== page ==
Neighborhood kids

Moving can be stressful. Finding the ideal house, lot or neighborhood can be frustrating — if not downright impossible. Most families have a list of must-have items for their houses. I know we did.

One thing that shouldn’t be overlooked is neighbors.

We recently moved from our old house, which we loved but was in a neighborhood that had no little kids close to us. It resulted in a lot more inside time for our daughter. As she would’ve gotten older, I’m certain she would’ve ended up watching more TV, or we would have over-scheduled her in extracurricular activities to keep her busy.

So when we decided it was time to move, we chose to move close to an elementary school — and boy did we hit the neighborhood jackpot. Twelve kids in my daughter’s class live within a three-street radius of our house.

Today our kids are living the life of the kids of the ’70s (albeit with more supervision). They run to each other’s houses, play outside non-stop, in all kinds of weather and figure out how to keep themselves busy — without killing each other — for hours on end. Many of these kids operate more like siblings than friends. Because Marin only has one actual sibling, this allows her to figure out how to grow and share with more than one other kid on a daily basis.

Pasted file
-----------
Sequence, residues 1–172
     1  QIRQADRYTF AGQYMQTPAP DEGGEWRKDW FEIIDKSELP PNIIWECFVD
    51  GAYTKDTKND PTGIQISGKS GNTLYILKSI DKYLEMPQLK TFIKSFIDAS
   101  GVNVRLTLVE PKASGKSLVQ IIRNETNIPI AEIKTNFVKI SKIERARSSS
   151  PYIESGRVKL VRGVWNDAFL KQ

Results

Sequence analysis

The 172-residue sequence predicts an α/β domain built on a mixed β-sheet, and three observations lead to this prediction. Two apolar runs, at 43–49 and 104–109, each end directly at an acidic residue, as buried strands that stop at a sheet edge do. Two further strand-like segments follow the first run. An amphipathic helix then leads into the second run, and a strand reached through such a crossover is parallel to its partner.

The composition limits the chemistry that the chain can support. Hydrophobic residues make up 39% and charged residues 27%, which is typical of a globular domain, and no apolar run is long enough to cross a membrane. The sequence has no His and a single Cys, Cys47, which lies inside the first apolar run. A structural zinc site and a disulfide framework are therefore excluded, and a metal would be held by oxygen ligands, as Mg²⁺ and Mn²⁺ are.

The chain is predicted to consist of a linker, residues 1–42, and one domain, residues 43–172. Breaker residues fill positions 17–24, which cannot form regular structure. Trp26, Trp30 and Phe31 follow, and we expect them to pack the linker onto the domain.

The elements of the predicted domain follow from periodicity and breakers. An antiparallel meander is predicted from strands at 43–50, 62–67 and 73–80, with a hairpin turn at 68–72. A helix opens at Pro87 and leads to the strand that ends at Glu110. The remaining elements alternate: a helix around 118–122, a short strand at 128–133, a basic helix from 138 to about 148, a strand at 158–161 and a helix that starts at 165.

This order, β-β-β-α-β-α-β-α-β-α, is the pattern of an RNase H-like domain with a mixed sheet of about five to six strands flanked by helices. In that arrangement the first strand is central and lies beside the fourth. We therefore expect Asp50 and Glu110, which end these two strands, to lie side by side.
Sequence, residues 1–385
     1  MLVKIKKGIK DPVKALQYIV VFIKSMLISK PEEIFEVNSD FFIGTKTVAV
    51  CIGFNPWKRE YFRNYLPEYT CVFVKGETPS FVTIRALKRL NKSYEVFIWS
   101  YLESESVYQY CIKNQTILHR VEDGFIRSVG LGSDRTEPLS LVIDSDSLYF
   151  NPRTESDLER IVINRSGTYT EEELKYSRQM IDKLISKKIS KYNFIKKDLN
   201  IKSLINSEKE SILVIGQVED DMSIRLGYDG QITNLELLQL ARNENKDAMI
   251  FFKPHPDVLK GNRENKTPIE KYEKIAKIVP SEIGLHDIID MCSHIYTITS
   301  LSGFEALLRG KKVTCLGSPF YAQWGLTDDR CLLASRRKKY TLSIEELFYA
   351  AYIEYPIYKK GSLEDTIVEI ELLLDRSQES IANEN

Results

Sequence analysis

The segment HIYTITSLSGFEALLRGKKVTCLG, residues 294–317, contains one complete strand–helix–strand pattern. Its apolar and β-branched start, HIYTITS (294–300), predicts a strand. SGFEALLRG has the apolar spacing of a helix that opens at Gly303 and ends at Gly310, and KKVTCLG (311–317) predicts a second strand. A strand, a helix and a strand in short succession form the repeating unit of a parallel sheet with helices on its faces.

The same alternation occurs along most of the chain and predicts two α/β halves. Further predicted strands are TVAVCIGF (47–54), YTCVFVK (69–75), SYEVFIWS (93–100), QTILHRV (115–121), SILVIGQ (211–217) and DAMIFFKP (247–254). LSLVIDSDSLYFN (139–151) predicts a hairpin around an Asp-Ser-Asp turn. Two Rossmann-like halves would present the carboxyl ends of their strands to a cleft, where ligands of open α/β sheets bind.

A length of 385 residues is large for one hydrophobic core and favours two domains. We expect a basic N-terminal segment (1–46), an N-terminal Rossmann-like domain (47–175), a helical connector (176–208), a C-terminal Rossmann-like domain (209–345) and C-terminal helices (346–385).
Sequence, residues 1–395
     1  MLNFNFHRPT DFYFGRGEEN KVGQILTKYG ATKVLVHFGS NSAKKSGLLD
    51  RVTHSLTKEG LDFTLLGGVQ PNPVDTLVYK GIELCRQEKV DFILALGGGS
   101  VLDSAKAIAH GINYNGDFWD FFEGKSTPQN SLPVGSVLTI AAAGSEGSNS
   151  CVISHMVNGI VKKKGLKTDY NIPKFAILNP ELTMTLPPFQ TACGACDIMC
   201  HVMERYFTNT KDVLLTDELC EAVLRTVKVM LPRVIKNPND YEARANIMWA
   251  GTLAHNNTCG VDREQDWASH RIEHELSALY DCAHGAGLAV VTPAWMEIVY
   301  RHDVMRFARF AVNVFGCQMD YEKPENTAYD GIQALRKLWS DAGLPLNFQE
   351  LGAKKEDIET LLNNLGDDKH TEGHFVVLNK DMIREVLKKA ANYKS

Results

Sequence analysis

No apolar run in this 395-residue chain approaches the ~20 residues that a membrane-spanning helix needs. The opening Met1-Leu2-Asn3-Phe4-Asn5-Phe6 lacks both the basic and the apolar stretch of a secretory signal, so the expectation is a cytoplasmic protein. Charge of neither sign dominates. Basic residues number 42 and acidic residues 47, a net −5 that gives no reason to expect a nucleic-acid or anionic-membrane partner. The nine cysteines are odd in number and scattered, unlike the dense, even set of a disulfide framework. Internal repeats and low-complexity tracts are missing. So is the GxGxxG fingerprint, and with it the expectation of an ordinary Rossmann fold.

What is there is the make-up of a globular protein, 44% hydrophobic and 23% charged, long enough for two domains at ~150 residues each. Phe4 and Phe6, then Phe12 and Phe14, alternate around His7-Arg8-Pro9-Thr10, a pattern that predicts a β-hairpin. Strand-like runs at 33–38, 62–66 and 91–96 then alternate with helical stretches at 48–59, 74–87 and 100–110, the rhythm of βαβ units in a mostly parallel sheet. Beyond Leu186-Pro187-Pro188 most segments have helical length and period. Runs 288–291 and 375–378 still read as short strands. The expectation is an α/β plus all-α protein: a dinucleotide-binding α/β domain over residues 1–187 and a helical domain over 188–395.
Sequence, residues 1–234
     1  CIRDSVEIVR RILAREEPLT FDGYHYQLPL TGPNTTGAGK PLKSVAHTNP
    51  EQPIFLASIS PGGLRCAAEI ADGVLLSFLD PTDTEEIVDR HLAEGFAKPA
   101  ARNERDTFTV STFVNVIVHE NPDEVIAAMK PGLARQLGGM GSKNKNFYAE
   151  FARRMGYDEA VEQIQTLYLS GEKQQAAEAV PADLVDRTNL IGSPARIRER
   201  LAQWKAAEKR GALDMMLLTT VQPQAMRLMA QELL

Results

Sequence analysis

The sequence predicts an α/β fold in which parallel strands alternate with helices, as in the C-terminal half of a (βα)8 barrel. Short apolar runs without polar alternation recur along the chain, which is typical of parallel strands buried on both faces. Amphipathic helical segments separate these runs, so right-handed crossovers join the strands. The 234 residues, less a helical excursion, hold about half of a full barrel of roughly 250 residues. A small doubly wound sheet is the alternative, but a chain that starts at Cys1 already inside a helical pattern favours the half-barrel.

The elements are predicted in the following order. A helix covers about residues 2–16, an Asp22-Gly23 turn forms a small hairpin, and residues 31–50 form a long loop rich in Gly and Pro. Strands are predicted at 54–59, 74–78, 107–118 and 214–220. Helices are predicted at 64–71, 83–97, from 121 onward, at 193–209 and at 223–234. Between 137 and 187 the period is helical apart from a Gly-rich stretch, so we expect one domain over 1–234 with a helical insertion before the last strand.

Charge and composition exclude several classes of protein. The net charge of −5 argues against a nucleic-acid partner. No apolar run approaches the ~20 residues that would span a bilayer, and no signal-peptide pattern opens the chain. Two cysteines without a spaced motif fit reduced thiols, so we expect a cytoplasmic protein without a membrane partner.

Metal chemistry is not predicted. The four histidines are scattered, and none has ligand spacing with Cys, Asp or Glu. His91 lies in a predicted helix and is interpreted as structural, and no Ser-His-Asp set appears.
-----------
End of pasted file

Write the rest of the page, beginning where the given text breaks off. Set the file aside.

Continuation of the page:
Plus, I can count on one hand the number of times my daughter has asked to watch television over the last six months. She would much rather play with our neighbors. What they are learning is invaluable.

And it's good for us parents, too.

The neighbors closest to us have become our extended family. We pick up each other’s kids from school, cook dinner for each other when people have a busy day, watch each other’s kids at the drop of a hat and voluntarily spend most of our vacations together.

Having other adults who love and make my kids feel safe if they need something is huge. My kids don’t have any aunts or uncles in Omaha, so these neighbors and friends have adopted into this role for our kids. As kids get older, they don’t always want to talk to their parents about things, so the more adults in their life who they are comfortable around and who we trust, the better.

They say it takes a village to raise your kids — and if you find that village, you’ll know exactly what that statement means.


Jaime Wyant is a 33-year-old Omaha native, wife to Bret and mother to Marin and Liam. She writes monthly for Read more from Jaime here.

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